The diagnosis of Rett syndrome, described by Andreas Rett in 19651 as a neurodevelopmental disorder predominantly affecting females, is based on clearly defined clinical criteria, modified periodically with improved understanding of its core features. In 1985, Hagberg and colleagues developed consensus criteria exclusively for females2, modified in 1988 to include males3. Following identification of mutations in the gene, Methyl-CpG-binding-protein 2 (MECP2), in individuals with RTT4, an international consensus meeting further modified those criteria to affirm the importance of carefully applied diagnostic criteria5 and to clarify possible ambiguities in interpretation of these criteria. This included recognition that 1) abnormal deceleration in the rate of head growth was not always present, 2) early development could be delayed, and 3) apraxia of gait should include the possibility of failure to develop gait. Further, it was important to provide consensus criteria for variant forms of RTT6. More recently, RettSearch, an international group of clinicians, completed a systematic review of these criteria to provide further clarifications including those core features that are essential for considering the diagnosis of RTT or its variants and to refine definitions of other previous criteria not included in this core group (see accompanying paper, Neul et al.). This revision follows on refinements in molecular diagnosis including identification of previously unrecognized MECP2 mutations in exon 17, large deletions encompassing one or more exons8,9, and duplication of the MECP2 Xq28 region in males with severe neurodevelopmental disorders10-12, as well as confirmation of mutations in 95% of females with classic RTT13. Further, an increasing number of females and males, not meeting RTT criteria, have been identified with MECP2 mutations.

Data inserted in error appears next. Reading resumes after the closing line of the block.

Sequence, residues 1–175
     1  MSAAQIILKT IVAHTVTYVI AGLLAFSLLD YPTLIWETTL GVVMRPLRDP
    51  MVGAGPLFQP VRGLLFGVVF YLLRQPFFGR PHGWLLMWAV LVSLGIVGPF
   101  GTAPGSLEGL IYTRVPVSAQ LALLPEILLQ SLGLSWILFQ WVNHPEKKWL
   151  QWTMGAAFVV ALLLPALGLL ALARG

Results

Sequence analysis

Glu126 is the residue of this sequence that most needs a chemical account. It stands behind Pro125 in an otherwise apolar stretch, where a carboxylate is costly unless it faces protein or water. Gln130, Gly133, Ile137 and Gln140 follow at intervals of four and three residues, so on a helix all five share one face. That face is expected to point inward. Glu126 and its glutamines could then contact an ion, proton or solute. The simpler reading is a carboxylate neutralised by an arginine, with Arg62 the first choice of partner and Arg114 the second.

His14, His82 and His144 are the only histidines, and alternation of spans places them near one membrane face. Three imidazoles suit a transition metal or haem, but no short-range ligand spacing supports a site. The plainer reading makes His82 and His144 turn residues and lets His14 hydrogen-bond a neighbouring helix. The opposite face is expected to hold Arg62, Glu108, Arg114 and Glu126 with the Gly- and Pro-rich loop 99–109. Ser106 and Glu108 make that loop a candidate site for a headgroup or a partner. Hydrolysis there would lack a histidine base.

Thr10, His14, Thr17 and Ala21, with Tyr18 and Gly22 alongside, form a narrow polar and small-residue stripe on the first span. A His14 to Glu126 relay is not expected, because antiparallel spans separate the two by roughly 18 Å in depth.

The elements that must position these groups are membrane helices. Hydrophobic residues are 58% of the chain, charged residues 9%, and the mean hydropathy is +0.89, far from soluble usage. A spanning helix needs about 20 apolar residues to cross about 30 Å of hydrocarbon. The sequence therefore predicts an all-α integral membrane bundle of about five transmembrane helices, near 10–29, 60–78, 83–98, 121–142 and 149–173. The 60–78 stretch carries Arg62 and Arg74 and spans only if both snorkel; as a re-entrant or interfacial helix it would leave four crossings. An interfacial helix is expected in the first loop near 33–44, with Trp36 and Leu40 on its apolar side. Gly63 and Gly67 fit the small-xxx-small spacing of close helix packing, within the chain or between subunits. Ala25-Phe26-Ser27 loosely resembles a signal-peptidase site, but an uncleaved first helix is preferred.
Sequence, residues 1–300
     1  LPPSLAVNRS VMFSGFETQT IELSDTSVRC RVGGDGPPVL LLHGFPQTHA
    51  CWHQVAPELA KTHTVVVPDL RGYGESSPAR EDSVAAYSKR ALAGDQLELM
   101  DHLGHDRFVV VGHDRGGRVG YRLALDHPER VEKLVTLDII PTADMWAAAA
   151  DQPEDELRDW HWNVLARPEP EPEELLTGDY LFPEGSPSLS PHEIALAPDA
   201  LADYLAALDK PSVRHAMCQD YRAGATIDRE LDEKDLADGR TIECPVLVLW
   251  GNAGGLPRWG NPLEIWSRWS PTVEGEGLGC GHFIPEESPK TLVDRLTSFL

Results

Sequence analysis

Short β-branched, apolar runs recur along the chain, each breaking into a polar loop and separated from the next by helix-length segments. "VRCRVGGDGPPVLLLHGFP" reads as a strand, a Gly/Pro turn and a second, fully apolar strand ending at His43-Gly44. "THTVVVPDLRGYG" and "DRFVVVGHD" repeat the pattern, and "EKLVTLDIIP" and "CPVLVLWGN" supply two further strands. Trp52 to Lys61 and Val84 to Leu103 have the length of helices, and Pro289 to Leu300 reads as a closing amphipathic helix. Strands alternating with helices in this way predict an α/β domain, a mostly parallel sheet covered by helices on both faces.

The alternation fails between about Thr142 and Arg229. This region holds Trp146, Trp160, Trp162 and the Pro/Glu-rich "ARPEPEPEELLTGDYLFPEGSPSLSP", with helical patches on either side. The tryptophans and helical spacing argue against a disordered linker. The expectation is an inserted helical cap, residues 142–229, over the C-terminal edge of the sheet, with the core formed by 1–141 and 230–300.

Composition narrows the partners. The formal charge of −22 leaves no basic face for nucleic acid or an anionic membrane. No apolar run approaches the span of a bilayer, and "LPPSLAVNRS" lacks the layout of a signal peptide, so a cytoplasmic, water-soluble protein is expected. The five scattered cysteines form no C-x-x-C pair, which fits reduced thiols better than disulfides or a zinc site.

The RTT Rare Disease Clinical Research Center (RDCRC) natural history study began enrolling participants in 2006 with the goal of 1000 individuals with classic or variant RTT based on the 2002 criteria5. The present analysis was conducted on 819 participants enrolled as of February 28, 2010, to assess the recently modified clinical criteria. The results validate the revised diagnostic format and emphasize the importance of having clearly defined criteria based on clinical features including clear regression of previously acquired skills in both classic and variant RTT and the necessity of supportive criteria only for variant forms.